This quarter’s collection highlights three of our most popular and highly cited articles in 2021 which, based on their readership and citation levels, have clearly made an important contribution to their fields.
The first article, A theoretical framework for studying the co-creation of innovative solutions and public value, forms an introduction to the special issue on co-creation in public policy and governance, guest edited by Jacob Torfing, Ewan Ferlie, Tina Jukić and Edoardo Ongaro, published in April 2021. The central proposition is that the concept of public value carries unexploited potential as a ‘game changer’ for advancing the co-creation of innovative solutions in the public sector. They argue that it allows us to appreciate the many different public and private actors, including service users, citizens and civil society organisations, which can contribute to the production of public value. The authors quip that co-creation is the “new black” because it mobilises societal resources, enhances innovation and builds joint ownership over new public value outcomes. Continue reading →
basic definitions of co-production and co-creation along with the claim made of a move from lower order co-production to higher level co-creation. It is argued that it is not clear whether the organisational capabilities needed to support such a major transition are as yet present in an intensive and extensive enough form. The evidence from the empirical and case-based papers in the edition is mixed.
the link between co-creation and co-production and different models of strategic management which may help manage organisational wide transitions and get beyond small scale projects. The article considers why strategic management is important and which schools are the most promising. The public value school is seen as a critical ‘lynchpin’ (as the goal of co-production and co-creation activity may be to create public value enhancing innovations). In addition, the strategic planning and culture schools are seen as promising. The question of how strategy is formed in diffuse multi agency networks as opposed to single agencies is an important and unresolved one so it may be helpful to bring in additional literature on cooperative forms of strategy.
the potential role of digitalisation in the move to co-production and co-creation with ‘open platforms’ being designed by government and the third sector seen as promising;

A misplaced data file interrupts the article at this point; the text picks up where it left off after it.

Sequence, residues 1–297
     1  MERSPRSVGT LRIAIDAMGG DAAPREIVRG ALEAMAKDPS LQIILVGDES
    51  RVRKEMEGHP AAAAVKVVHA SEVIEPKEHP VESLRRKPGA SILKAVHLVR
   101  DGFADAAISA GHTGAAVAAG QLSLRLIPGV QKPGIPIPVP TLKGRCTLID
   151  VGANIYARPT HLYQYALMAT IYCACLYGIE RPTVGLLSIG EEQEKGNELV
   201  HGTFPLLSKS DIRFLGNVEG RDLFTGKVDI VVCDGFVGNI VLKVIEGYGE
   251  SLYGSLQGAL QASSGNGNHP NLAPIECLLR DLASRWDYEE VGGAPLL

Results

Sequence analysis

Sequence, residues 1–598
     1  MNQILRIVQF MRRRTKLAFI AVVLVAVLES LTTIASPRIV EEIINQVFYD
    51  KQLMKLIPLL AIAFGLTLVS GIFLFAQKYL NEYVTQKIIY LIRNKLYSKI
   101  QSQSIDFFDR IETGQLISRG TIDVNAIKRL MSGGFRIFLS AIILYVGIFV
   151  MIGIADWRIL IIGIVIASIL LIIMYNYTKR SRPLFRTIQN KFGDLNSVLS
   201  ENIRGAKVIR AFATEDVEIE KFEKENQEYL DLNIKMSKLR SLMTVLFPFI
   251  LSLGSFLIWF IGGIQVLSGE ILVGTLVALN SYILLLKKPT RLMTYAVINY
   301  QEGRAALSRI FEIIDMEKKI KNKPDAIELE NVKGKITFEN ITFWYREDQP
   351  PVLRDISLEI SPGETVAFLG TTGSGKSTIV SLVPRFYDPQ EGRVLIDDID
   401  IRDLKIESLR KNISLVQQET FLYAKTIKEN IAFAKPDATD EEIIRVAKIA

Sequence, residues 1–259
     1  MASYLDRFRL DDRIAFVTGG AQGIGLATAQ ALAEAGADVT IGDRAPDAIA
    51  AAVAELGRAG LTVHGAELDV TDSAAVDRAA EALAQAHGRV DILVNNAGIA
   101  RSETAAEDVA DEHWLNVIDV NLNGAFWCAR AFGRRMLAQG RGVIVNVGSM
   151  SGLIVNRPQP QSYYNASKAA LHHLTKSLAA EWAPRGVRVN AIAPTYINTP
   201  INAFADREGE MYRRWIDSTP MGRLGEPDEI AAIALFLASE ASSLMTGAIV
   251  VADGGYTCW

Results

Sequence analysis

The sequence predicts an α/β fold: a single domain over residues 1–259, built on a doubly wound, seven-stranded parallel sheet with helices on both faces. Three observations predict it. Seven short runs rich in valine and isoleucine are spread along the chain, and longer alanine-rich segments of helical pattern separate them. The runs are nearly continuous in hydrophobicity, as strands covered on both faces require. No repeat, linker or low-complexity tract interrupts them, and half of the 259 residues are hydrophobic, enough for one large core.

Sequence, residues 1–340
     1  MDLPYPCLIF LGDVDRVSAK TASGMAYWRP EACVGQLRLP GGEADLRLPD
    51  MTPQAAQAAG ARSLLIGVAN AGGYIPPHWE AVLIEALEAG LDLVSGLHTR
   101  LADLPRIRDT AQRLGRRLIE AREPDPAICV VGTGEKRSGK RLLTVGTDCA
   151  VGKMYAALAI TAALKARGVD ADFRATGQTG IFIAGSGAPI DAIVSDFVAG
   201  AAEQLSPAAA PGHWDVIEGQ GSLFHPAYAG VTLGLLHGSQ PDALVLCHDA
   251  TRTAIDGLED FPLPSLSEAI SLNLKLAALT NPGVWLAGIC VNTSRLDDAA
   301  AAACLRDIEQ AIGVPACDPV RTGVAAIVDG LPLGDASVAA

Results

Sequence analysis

We demonstrate this by conceptually elaborating, and then empirically illustrating, the potential for models of strategic public management to enable the co-creation of public service solutions that enhance public value. Our main research question explores how and under what conditions the adoption of models of strategic management in Public Service Organisations (PSOs) can support and enable the co-creation of public service solutions. Through our analysis, we aim to fill a gap in the literature by considering the importance of an underlying strategic orientation towards value creation that provides a value base upon which to embed these approaches within PSOs. Continue reading →
Special issue blog series on strategic management of the transition to public sector co-creation
Jacob Torfing, Ewan Ferlie, Tina Jukić and Edoardo Ongaro
During the 1980s and early 1990s, we were consistently told that the public sector was ossified, incompetent and unimaginative, and squandered value produced by the hard-working and innovative private sector. Government was the problem, not the solution, and we should therefore have less state and more market. The neoliberal onslaught on the public sector had begun and public employees gradually developed an inferiority complex.
This nightmarish development was reversed by Mark Moore’s Creating Public Value (1995) who insisted that the public sector creates its own distinctive value. The public sector creates ‘public value’ defined as what has value for the public and public values. Public managers are not merely engaged in securing compliance with bureaucratic rules, but are entrepreneurs engaged in the exploration of new and better service and policy solutions. In this way, the public sector was redeemed and public managers could re-describe themselves as proud guardians of the public interest and producers of public value. Continue reading →